This is neat. How would you like the ability to create your own standalone webapps on your Mac OS X desktop? In other words, what if you could turn any website into a Mac desktop application?
Fluid can do just that.
Download Fluid – requires OS 10.5 or later
In seconds, Fluid can take a given website – such as Gmail, Google Docs, Facebook, eBay, YouTube, or whatever you want – and package it into its own Site Specific Browser (SSB). The SSBs can then run as complete and independent Cocoa applications, complete with their own dock icons and menu bars! Fluid SSBs are based on Safari’s WebKit rendering engine. Read more
Just thought I’d share this – I had a tab get stuck in Google Chrome recently, and when it crashed, this is the error message it displayed:
Aw, Snap, indeed! Hilarious. It’s reminiscent of the infamous “Sad Mac” face from Old World Macintosh computers.
As well as the dreaded “Sad iPod” face that you hope to never see:
Somehow, this touch of humor makes me care a little less that my browser just crashed and burned! 🙂
I just upgraded from a Motorola Razor and bought an iPhone G3. You’ve probably seen your friends playing with their phones, and wow, it is really that cool. I never sucked it up to buy an iPod, so I enjoy the ability to have some music, a calendar, a camera, and a phone all in one little device. Some cynics may quickly point out that it isn’t a good iPod, or the phone sucks, or whatever; they are missing the point. This is an all-in-one thing. That can opener and cork screw on your Swiss Army Knife suck, but THEY WORK. The iPhone is the Swiss Army Knife of technology.
The only “problem” I’ve had so far is that when I bought the phone, it was activated within minutes. My Razor went dead before I had left the store, so I ran home as quickly as I could so I could hook up my phone to my computer. You setup your phone by launching iTunes (weird, I know). It only took a couple clicks and the thing was working. Some co-workers have had trouble with the sensors on the phone and have had to get the phone replaced. I’m wary, but unworried.
When you get an iPhone G3, you can surf the web all day without paying any extra money because you are tapping into the “public” G3 network… sometimes slow, but are you kidding? It’s frickin’ great. I took the subway home today and a gentleman asked me which stop he needed to get off at, and poof, I hit up Safari and Google maps and I told him exactly which bus to take and when he’d arrive within a couple minutes.
I have to stick it to the man and say “AT&T you suck”… seriously… they are getting enough of my money each month between DSL, landline, and a mobile plan. Some places, I could pay rent for less than what I pay AT&T each month. Da–yam!
You can now purchase an iPhone at any Apple Store, AT&T Store, or Best Buy.
-- Everett Griffiths
Nothing cheeses me off more than lazy Mac OS X users who don’t lift a finger to secure their OS. Yeah, Macs are currently not the most common target for hacks and viruses (viri?), but that hardly means that they’re invulnerable.
You can read more about some OS X security stuff, but here’s the quickie way to turn on your secure virtual memory:
Even if this makes no sense to you, you should do it. If you don’t, talented hackers can read your swap files and gain access to all kinds of sensitive information… verily, they could read ANYTHING that gets stored in memory. Passwords, your web site logins, your porn…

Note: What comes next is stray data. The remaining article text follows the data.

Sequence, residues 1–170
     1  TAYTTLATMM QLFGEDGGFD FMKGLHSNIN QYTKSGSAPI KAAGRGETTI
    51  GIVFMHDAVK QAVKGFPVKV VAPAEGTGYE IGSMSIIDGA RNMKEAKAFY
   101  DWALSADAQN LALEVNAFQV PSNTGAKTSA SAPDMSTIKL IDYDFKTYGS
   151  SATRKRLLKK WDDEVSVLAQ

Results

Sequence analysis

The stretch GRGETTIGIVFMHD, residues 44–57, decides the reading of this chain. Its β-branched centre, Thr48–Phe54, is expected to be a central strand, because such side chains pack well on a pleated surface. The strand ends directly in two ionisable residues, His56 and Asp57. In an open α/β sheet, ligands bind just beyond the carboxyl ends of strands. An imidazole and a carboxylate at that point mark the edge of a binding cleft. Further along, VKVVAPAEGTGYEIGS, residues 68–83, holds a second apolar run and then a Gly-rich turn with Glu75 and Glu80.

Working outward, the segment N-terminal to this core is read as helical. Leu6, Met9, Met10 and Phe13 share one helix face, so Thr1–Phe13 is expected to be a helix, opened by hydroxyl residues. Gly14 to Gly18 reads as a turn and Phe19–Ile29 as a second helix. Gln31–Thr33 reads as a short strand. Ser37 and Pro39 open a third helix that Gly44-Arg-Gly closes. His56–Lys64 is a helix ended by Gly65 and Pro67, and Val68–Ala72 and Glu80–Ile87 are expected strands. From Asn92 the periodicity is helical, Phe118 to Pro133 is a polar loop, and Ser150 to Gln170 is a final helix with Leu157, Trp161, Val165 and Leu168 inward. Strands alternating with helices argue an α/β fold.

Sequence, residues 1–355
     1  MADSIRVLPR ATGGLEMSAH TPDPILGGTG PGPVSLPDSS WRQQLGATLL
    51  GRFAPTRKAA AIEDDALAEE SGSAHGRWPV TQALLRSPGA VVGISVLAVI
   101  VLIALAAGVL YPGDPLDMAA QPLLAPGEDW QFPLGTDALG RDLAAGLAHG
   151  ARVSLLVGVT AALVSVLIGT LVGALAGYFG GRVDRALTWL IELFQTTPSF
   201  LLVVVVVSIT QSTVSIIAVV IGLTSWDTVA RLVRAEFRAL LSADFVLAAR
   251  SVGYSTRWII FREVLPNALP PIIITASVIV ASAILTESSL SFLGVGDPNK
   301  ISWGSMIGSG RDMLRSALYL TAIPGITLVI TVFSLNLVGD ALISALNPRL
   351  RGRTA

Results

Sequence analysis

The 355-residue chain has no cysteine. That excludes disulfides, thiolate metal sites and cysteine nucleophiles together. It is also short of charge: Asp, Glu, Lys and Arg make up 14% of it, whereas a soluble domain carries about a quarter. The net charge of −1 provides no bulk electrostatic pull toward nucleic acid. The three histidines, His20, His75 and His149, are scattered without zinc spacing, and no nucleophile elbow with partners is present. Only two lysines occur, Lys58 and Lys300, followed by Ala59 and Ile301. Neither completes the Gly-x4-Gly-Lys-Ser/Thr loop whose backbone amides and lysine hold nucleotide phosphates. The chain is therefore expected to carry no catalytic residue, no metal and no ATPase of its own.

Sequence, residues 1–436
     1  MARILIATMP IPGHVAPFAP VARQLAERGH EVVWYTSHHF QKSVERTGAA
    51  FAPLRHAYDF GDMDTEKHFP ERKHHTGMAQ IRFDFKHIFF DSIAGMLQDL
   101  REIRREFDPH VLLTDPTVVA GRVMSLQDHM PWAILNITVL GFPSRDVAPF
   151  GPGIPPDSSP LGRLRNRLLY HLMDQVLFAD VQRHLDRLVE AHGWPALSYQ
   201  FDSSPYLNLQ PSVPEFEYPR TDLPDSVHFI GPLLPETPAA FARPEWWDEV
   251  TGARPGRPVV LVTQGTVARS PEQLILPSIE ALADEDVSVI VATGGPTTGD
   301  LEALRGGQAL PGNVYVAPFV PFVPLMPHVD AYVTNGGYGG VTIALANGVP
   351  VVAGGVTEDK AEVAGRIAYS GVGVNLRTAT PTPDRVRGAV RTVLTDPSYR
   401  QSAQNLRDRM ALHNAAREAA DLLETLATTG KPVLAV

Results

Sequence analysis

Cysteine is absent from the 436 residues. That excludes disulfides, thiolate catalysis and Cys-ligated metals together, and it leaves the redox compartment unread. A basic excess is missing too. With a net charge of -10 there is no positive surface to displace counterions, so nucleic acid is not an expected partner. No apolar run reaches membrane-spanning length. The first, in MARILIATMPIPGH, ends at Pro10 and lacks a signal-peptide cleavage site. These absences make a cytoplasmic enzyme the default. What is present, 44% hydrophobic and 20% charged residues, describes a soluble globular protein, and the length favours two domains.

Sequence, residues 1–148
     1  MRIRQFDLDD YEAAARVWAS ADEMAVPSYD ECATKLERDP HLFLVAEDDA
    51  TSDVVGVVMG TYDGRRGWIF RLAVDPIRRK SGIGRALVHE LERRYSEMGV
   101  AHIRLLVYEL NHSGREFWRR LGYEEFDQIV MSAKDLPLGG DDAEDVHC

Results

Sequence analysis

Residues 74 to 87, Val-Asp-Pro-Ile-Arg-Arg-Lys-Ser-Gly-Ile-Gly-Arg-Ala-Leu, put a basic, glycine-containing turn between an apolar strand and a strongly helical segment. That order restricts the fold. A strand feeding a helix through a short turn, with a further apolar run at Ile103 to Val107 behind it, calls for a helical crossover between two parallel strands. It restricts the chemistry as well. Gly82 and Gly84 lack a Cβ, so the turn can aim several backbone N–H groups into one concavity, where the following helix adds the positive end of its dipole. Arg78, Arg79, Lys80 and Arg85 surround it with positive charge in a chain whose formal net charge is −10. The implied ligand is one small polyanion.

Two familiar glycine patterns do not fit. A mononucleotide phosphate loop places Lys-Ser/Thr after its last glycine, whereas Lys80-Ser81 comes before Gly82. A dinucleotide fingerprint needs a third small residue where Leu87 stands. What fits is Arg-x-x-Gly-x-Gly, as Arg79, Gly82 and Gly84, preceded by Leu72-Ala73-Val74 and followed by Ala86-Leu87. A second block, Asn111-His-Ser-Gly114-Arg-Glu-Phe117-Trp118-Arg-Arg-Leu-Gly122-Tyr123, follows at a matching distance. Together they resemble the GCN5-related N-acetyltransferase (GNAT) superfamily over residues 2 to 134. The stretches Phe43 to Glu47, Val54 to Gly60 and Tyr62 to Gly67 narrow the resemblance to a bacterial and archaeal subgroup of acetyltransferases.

A swap file is simply a temporary file that’s used while you edit a file. If you’ve ever used the OS X terminal, you may have edited files using one of the command line editors, like vi. You may have noticed that when you edit some_document.txt, there will be a file created some_document.txt.swp while you are editing the file… that file persists until you’re all done editing the file and you’ve closed the editor. Virtual memory works similarly… it writes the contents of the RAM to a temporary file. Enabling “Secure” virtual memory encrypts this temporary file while it’s on disk… so even if someone has access to your disk, they won’t be able to see the contents of your memory.
-- Everett Griffiths
Basic computer setup and security compiled for Mac OS X 10.3 (Panther), 10.4 (Tiger), and 10.5 (Leopard)
I spend a lot of time with computers… it’s my job. Most of the time, people worry about patching up their Windows machines — and for good reason! Similar to our (slightly dated) Windows Security Guide, the purpose of this page here is to list the steps for securing a Mac OS X computer, including commands for lab managers and network admins who have to manage a large number of these computers. In the last week, there have been 3 security exploits / viruses for OS X. No OS is completely secure! So it begins… Read more
So Apple went on its second major foray into the world of Microsoft with its release of Safari for Windows (the first being iTunes). I’m not necessarily a connoisseur of browsers when I’m at work just trying to get things done, but right off the bat I noticed the slick implementation of Apple’s signature Aqua-style graphics. Apple didn’t settle for Microsoft’s standard clunky window buttons, and they even put in their own window scroller and check-boxes, so in my opinion, browsing the web on Windows never looked so good. In fact, in my work-crazed stupor, Apple’s faithful rendition of the Mac version of Safari easily lulled me into a blissful fantasy-world where I was working from home on my Mac… that mirage only lasted so long, though, because Windows keeps stealing my focus, its Desktop search feature can’t find its own ass with both hands, un-closed pop-ups from any application gum up the *entire* desktop (instead of just the parent application), and my soundcard driver went on the lam again. Oh, Windows, if I could kick you in the nuts… but I digress. Read more